The World Health Organization has declared an emergency meeting today for officials to talk about the “heavily mutated” new variant of COVID-19 that has already led to a spike in coronavirus cases in South Africa.
The new variant is known as B.1.1.529, and it is said to be highly contagious among young people, according to Joe Phaahla, South Africa’s minister of health. Officials fear that the new variant is the most heavily mutated so far in the outbreak, according to the BBC. Scientists have described this variant as “horrific,” It is believed that during the WHO’s meeting today, it will be given a Greek code-name like the delta variant. (UPDATE: Now named Omicron)
“This variant did surprise us,” said Tulio de Oliveira, the director of the Center for South Africa’s Epidemic Response and Innovation. “It has a big jump on evolution [and] many more mutations that we expected.”
Dr. Maria Van Kerkhove, WHO’s technical lead on Covid-19, said yesterday that scientists “don’t know very much about this yet” and that it would take a few weeks to figure out how the variants react to existing jabs, according to NBC News.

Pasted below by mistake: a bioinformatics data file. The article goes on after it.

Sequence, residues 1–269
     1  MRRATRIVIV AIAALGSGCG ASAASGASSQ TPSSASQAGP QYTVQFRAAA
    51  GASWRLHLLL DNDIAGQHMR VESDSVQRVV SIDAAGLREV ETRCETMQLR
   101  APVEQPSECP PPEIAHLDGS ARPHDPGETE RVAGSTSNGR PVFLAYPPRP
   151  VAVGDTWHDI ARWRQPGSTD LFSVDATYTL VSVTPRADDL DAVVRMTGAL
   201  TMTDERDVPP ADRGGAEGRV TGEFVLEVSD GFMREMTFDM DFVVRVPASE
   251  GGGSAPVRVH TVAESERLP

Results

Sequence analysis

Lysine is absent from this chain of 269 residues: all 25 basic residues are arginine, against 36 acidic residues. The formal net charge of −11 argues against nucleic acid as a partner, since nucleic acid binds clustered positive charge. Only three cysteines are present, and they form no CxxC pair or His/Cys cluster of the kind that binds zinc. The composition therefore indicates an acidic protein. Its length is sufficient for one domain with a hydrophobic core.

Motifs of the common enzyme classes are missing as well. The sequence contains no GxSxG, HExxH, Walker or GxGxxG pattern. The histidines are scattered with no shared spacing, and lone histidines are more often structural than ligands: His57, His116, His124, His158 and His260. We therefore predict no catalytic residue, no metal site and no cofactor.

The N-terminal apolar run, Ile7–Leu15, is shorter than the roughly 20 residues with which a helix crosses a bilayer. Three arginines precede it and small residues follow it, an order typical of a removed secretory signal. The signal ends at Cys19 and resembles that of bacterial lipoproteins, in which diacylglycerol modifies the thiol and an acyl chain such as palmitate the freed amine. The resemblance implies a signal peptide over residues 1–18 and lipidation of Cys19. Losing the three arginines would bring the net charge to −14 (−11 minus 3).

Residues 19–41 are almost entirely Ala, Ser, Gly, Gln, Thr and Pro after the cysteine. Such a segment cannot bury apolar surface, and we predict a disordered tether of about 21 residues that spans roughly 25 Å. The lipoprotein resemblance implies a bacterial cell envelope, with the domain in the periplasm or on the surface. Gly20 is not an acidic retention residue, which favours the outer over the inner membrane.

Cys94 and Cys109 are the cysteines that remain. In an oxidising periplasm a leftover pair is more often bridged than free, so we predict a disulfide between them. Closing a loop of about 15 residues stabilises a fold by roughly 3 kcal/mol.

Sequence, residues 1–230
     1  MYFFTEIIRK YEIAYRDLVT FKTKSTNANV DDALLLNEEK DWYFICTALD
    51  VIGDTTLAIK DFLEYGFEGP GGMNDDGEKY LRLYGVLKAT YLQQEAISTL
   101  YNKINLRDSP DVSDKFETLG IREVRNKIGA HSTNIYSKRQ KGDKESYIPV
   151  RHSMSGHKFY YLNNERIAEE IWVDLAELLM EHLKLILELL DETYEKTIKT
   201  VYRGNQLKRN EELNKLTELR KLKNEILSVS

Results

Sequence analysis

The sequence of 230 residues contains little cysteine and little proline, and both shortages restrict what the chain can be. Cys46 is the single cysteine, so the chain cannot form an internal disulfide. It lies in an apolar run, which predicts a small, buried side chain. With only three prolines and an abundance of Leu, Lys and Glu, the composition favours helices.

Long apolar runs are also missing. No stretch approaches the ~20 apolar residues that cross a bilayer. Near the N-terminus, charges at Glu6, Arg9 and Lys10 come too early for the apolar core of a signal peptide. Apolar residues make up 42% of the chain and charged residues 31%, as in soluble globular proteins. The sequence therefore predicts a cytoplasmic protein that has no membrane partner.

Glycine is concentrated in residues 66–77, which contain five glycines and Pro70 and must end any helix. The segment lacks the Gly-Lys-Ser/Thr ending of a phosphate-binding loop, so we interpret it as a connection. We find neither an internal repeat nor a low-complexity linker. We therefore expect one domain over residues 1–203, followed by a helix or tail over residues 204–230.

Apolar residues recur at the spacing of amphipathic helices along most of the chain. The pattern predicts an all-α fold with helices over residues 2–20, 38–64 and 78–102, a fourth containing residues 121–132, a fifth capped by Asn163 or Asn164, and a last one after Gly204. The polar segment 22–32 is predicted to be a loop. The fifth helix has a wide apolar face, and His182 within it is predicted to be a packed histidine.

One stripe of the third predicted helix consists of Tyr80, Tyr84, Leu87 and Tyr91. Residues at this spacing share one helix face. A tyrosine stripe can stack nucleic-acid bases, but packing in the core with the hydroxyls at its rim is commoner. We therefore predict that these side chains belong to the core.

Nature Magazine reported that this variant first popped up in Botswana earlier in November, and scientists are desperately trying to see if it can evade the immune response.
“We’re flying at warp speed,” one South African researcher was quoted as saying.
“A burning question is does it reduce vaccine effectiveness because it has so many changes,” added Aris Katzourakis, an expert at virus evolution at the University of Oxford.
As of noon today, the British government banned all flights from South Africa and five other countries in Southern Africa. The U.K. Health Secretary Sajid Javid explained that experts fear that this variant “may be more transmissible” than the dominant delta strain, and “the vaccines that we currently have may be less effective” against it, according to Fox News.
British Transportation Secretary Grant Shapps defended the banning of flights from these countries, calling the move essential given the current circumstances. He added that the spike protein was “dramatically different” from the virus that the vaccines were designed to counter.
“This is the most significant variant we have encountered to date, and urgent research is underway to learn more about its transmissibility, severity, and vaccine-susceptibility,” said U.K. HSA Chief Executive Jenny Harries.
It remains to be seen how this latest variant will play out.
Red Voice Media would like to make a point of clarification on why we do not refer to any shot related to COVID-19 as a "vaccine." According to the CDC, the definition of a vaccine necessitates that said vaccine have a lasting effect of at least one year in preventing the contraction of the virus or disease it's intended to fight. Because all of the COVID-19 shots thus far available have barely offered six months of protection, and even then not absolute, Red Voice Media has made the decision hereafter to no longer refer to the Pfizer, Moderna, or Johnson & Johnson substances as vaccinations.